Villa Welgelegen was built by Henry Hope of the famous family banking company Hope & Co. of Amsterdam, from 1785 to 1789 as a summer home to replace the already quite impressive structure that he purchased there in 1769. It is an example of neoclassical architecture, unusual for its style in the Netherlands.
Henry Hope was so influential that he persuaded the Haarlem local government to redesign the public park Frederickspark and he persuaded the Heemstede local government to redesign the Haarlemmerhout, both of which adjoined his property. Henry Hope collected many paintings and sculptures and had renowned artisans design the interior. He had many famous visitors to this palace, including William V of Orange, who visited with his wife, Princess Wilhelmina of Prussia, and Thomas Jefferson in 1788. Holland was the first country to recognize the United States as a country in 1782, and attracted many US visitors looking to trade with the wealthy merchants of Amsterdam, that was at that time the financial center of Europe.
Before Henry Hope could complete his vision of expanding the Welgelegen gardens to the Spaarne river, Henry Hope left Welgelegen only 5 years after the main house was completed. In 1794 Henry Hope fled to England before the French revolutionary forces, taking most of his art collection with him. He transferred the property to his nephew John Williams Hope who remained behind in Amsterdam to see to the family banking business. John Hope carried on the Hope & co. family business in Amsterdam together with Alexander Baring and Adriaan van der Hoop, young partners in the firm. In 1800 Henry Hope became influential together with his London friend Francis Baring in financing the Louisiana Purchase. On behalf of the French government, Baring and Hope sold US government bonds worth $11.25 million in 1804, more than a year after the treaty was signed. It is known as the largest land transaction in history.
John Williams Hope sold the villa in 1808 to Napoleon's brother Louis Bonaparte who had just been named King of Holland. Louis, or Ludwig as he called himself, loved Holland and enjoyed a good reputation among the people. He gave the villa its current name 'Paviljoen Welgelegen'. Louis Napoleon enjoyed his stay there, but left in a hurry in 1810 when he was forced to abdicate the throne by his brother Napoleon, who felt he was being too 'nice' to his subjects. His brother Napoleon then annexed Holland, making the King function redundant. Three years later after the War of 1812 Welgelegen became the property of the government of the Netherlands.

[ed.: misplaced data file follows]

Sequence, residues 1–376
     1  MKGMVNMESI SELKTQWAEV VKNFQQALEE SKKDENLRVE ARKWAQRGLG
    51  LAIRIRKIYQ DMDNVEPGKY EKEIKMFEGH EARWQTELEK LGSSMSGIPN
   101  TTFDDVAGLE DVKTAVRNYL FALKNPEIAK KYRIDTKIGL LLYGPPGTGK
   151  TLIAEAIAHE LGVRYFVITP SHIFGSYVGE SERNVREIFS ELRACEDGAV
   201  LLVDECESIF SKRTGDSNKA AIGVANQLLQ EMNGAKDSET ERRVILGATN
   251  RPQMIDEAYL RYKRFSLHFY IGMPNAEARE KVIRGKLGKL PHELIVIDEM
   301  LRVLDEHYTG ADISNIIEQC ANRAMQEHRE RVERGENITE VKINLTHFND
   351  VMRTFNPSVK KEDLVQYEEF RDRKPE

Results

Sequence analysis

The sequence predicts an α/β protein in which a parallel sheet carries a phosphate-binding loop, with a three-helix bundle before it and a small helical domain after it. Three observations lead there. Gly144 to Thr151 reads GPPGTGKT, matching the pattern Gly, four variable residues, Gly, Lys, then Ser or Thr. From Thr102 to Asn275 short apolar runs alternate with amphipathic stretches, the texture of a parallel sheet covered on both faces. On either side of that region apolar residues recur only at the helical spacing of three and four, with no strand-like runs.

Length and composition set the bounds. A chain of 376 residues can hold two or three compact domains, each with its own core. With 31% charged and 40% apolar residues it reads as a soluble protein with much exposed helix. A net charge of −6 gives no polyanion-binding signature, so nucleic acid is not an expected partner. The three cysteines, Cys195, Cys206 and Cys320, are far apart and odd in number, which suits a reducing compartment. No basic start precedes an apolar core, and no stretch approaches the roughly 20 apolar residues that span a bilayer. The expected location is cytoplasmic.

From 1814 to her death in 1828 Princes Wilhelmina of Prussia, who remembered the villa from her marriage, kept the villa as a summer palace and opened it to the public as a museum of modern art. After Wilhelmina died, Welgelegen housed many museums that later moved to Amsterdam or Leiden. In 1885 the 'Museum van Levende Nederlandsche Meesters' was closed (especially since most of the 'levende meesters' or living masters had since deceased), but the 'Koloniaal Museum' (1871-1923) and the 'Museum voor Kunstnijverheid' (1877-1926) remained open. When the Frans Hals Museum moved to its present location on the Klein Heiligland, the 'Fotografisch Museum' (1913-ca.1918) was opened here (now called Spaarnestad Photo).
Unlike Teylers Museum, that was built at the same time, Welgelegen lost its museum function and has been in use since 1930 by the Provinciale Staten as the seat of government for the Province of North Holland. Since the last restoration in 2009, the private park grounds and some of the rooms are open to the public during office hours, while the larger meeting rooms are open to the public for walking tours only one day of the year on Monumenten Dag.References:
German crusaders known as the Livonian Brothers of the Sword began construction of the Cēsis castle (Wenden) near the hill fort in 1209. When the castle was enlarged and fortified, it served as the residence for the Order's Master from 1237 till 1561, with periodic interruptions. Its ruins are some of the most majestic castle ruins in the Baltic states. Once the most important castle of the Livonian Order, it was the official residence for the masters of the order.
In 1577, during the Livonian War, the garrison destroyed the castle to prevent it from falling into the control of Ivan the Terrible, who was decisively defeated in the Battle of Wenden (1578).
In 1598 it was incorporated into the Polish-Lithuanian Commonwealth and Wenden Voivodship was created here. In 1620 Wenden was conquered by Sweden. It was rebuilt afterwards, but was destroyed again in 1703 during the Great Northern War by the Russian army and left in a ruined state. Already from the end of the 16th century, the premises of the Order's castle were adjusted to the requirements of the Cēsis Castle estate. When in 1777 the Cēsis Castle estate was obtained by Count Carl Sievers, he had his new residence house built on the site of the eastern block of the castle, joining its end wall with the fortification tower.
Since 1949, the Cēsis History Museum has been located in this New Castle of the Cēsis Castle estate. The front yard of the New Castle is enclosed by a granary and a stable-coach house, which now houses the Exhibition Hall of the Museum. Beside the granary there is the oldest brewery in Latvia, Cēsu alus darītava, which was built in 1878 during the later Count Sievers' time, but its origins date back to the period of the Livonian Order. Further on, the Cēsis Castle park is situated, which was laid out in 1812. The park has the romantic characteristic of that time, with its winding footpaths, exotic plants, and the waters of the pond reflecting the castle's ruins. Nowadays also one of the towers is open for tourists.